By Tamjid al-Kohali
A picture from a normal environment moves to her endless imagination, then her brush begins mixing with her senses and feelings to embody that picture in a painting. This painting seems as if it will speak because of its deep meaning and accuracy. This is like all the paintings of Yemeni artist Sahara Hassan Al-Loutha’ai, who belongs to Sanhan Village. Now she lives in Sana’a, where she studies at Sana’a University- Faculty of Languages- and works at Tadhamon International Islamic Bank. Al-Loutha’ai doesn’t study art, but her sense of beauty and her positive view of things around her allow her to produce many paintings as if she is a master of art.
Since her childhood, Al-Loutha’ai’s talent in drawing was evident while she was drawing different shapes like flowers, trees, birds, and all kinds of simple things on walls and in notebooks. Al-Loutha’ai spent her first four years of primary school in France, and this was a strong reason for realizing her talent in drawing. Her teacher took drawings to show her parents and to tell them that their daughter was good in drawing. When her parents realized her talent they began supporting her.
Even after Al-Loutha’ai returned to her homeland, Yemen, her love for drawing continued more and more. Her best class in school was art. She was drawing cartoons and anything in front of her accurately. Her parents realized that their daughter had a strong memory that allowed her to draw everything she saw, so they encouraged her all the time and provided her with all the requirements of drawing.
Today Al-Loutha’ai says that she can’t forget the details of anyone’s face who encouraged her in her childhood and she will never forget all the positive words which were the main reason she developed her talent. Al-Loutha’ai believes that drawing isn’t acquired by studying, but develops through it. So she took one course for a few weeks with the famous Yemeni artist Adnan Juman where she learned more about techniques that are used for drawing.
Al-Loutha’ai’s paintings are different and don’t show one style. She uses different kinds of techniques such as dotting using a special pencil with different sizes. This technique won her many exhibitions. She also uses oil paints, pencil colors, coal, and knife blows, but she rarely uses watercolors.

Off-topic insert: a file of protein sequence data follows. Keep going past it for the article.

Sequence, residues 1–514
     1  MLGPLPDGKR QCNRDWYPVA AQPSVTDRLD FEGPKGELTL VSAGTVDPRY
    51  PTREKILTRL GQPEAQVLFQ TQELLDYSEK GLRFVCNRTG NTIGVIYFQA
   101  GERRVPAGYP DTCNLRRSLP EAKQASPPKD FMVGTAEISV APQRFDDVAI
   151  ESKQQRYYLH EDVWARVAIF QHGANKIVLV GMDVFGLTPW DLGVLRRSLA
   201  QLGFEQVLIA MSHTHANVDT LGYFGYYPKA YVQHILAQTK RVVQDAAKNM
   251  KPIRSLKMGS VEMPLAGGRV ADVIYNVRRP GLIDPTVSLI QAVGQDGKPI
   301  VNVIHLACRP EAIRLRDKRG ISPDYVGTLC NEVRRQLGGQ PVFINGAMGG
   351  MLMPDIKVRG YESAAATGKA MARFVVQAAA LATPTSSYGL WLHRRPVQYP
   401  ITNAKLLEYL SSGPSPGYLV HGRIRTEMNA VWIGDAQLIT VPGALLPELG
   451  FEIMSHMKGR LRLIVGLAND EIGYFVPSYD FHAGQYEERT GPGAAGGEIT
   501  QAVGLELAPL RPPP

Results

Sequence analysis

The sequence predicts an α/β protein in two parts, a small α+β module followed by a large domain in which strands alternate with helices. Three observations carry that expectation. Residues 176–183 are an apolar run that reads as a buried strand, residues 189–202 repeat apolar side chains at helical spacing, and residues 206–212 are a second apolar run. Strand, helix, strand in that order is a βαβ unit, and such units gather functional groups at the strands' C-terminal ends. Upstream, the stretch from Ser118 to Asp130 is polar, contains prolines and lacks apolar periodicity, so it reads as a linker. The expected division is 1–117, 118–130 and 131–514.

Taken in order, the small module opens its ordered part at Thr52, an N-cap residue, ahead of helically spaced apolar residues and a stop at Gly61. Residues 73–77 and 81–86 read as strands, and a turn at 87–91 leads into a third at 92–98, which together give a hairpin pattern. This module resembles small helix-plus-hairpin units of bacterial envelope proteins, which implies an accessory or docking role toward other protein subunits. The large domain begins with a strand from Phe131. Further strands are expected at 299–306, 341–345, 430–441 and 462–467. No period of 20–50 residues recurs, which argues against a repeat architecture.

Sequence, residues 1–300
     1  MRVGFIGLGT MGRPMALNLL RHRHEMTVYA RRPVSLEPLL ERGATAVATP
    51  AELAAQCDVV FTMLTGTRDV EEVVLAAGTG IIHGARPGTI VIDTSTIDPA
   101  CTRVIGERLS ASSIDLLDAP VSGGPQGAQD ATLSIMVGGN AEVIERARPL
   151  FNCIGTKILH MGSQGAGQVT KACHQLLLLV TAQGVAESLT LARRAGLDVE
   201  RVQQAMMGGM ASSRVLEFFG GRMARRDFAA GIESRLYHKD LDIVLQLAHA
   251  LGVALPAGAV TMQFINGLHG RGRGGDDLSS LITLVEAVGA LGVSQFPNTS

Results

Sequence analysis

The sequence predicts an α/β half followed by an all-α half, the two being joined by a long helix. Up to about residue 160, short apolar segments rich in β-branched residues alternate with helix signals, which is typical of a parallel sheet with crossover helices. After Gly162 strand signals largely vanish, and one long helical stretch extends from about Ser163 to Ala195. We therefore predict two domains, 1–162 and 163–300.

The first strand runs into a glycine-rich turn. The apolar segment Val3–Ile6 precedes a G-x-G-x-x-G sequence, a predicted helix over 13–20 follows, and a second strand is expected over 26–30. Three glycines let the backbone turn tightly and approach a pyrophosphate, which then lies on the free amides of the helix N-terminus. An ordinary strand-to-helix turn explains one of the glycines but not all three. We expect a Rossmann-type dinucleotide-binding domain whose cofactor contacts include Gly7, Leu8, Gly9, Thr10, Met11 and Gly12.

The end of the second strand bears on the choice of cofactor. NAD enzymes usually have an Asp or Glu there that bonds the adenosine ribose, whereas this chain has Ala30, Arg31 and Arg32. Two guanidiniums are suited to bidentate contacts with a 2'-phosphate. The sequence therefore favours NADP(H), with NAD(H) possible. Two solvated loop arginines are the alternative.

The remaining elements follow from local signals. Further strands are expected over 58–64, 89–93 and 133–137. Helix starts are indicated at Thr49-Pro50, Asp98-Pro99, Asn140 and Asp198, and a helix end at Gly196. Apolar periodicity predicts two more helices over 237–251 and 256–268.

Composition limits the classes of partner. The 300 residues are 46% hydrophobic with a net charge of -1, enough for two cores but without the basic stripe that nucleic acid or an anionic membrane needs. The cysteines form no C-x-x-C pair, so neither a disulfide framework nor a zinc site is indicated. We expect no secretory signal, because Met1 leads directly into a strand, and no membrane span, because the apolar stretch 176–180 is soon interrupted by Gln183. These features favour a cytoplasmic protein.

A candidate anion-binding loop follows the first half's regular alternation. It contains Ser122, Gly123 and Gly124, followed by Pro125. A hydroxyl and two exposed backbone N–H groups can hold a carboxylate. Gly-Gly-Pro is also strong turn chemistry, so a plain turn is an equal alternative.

During her artistic life, Al-Loutha’ai has supported herself with these techniques despite their high cost, because she thinks that real happiness is doing what you love, and drawing paintings is real happiness for her. By painting, she can express everything inside her.
Al-Loutha’ai isn’t affected by other artists’ styles or a specific style of art whether they are local or international styles. Even her aunt, who is a professional in drawing and spends a lot of time watching her drawing and who has taught her many things about drawing, didn’t have a strong effect on her, because Al-Loutha’ai believes that a good artist who paints according to their heart and honest feelings to make their paintings can reach viewers’ hearts. On the other hand, Al-Loutha’ai likes to follow and read news about the local and international art and artists through the media.
Moreover, an artist’s paintings reflect their views and beliefs, and always there is a story behind each painting. Al-Loutha’ai’s paintings carry different stories inside them: political, social and emotional. One of Al-Loutha’ai’s paintings highlights the importance of the intellectual and emotional compatibility between men and women in marriage, though most couples don’t care about this compatibility in practice. They choose each other randomly. Therefore, they feel deficient inside and they try to fill this deficiency by being far away from each other. Because of this, family problems start which may lead to divorce.
In 2011, all of Al-Loutha’ai’s paintings related to the political situation and the youth revolution against the former regime. One of her paintings at that time explained that the main reason behind all the problems in Yemen is ignorance. Other paintings talk about the restrictions created by customs, traditions, family and society and how they impede women from achieving their dreams.
Al-Loutha’ai began displaying her paintings in many local exhibitions. She participated in a cultural competition and received the second prize. She also participated with 83 Yemeni participants in the Talent Sea competition sponsored by the U.S, and she became one of the six finalists in the contest. In addition, she did her own exhibitions with her friends at the Yemeni house for music. Her most recent participation was in an exhibition in Dubai a few weeks ago. Al-Loutha’ai also participated with handicrafts and was very successful.
Al-Loutha’ai recognizes the encouragement that she received was from the outside more than the inside. For example, when she travelled to Dubai to take part in the exhibition, she was affected by people who really feel interested in the arts. They consider art an important part of their lives, unlike most people in Yemen who see it as some lines and silly things with colors. In fact, she neither blames people nor the government for their view towards art because they are preoccupied acquiring the necessities of life, she said.
Al-Loutha’ai find herself known among small circle of artists in Yemen with nothing bringing them together. Art in Yemen seems absent. She feels optimistic when people ask her about her new work. Art is a part of her life, it’s her shelter, and she will never leave it.